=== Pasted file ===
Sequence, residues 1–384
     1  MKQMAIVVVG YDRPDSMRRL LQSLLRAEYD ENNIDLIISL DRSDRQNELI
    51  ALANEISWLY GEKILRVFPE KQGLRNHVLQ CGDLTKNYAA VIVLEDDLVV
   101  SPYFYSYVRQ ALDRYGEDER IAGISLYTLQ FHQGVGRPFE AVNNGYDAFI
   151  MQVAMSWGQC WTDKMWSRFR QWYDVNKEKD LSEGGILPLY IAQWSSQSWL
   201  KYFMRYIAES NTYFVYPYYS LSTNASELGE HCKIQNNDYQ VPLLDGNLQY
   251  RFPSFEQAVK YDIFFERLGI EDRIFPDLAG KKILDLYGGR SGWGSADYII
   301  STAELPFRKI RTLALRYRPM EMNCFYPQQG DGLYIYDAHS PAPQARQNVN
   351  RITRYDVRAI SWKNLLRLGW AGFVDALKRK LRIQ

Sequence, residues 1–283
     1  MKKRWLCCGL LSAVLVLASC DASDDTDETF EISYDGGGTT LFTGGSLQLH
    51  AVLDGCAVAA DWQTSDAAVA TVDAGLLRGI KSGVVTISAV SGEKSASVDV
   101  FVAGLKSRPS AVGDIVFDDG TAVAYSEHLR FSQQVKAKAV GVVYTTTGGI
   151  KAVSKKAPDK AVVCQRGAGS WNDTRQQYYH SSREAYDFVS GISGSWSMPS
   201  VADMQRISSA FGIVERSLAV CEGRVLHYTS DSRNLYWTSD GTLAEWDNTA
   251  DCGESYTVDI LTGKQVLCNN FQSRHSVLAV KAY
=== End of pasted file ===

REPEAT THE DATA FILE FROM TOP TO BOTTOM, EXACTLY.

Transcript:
Sequence, residues 1–384
     1  MKQMAIVVVG YDRPDSMRRL LQSLLRAEYD ENNIDLIISL DRSDRQNELI
    51  ALANEISWLY GEKILRVFPE KQGLRNHVLQ CGDLTKNYAA VIVLEDDLVV
   101  SPYFYSYVRQ ALDRYGEDER IAGISLYTLQ FHQGVGRPFE AVNNGYDAFI
   151  MQVAMSWGQC WTDKMWSRFR QWYDVNKEKD LSEGGILPLY IAQWSSQSWL
   201  KYFMRYIAES NTYFVYPYYS LSTNASELGE HCKIQNNDYQ VPLLDGNLQY
   251  RFPSFEQAVK YDIFFERLGI EDRIFPDLAG KKILDLYGGR SGWGSADYII
   301  STAELPFRKI RTLALRYRPM EMNCFYPQQG DGLYIYDAHS PAPQARQNVN
   351  RITRYDVRAI SWKNLLRLGW AGFVDALKRK LRIQ

Sequence, residues 1–283
     1  MKKRWLCCGL LSAVLVLASC DASDDTDETF EISYDGGGTT LFTGGSLQLH
    51  AVLDGCAVAA DWQTSDAAVA TVDAGLLRGI KSGVVTISAV SGEKSASVDV
   101  FVAGLKSRPS AVGDIVFDDG TAVAYSEHLR FSQQVKAKAV GVVYTTTGGI
   151  KAVSKKAPDK AVVCQRGAGS WNDTRQQYYH SSREAYDFVS GISGSWSMPS
   201  VADMQRISSA FGIVERSLAV CEGRVLHYTS DSRNLYWTSD GTLAEWDNTA
   251  DCGESYTVDI LTGKQVLCNN FQSRHSVLAV KAY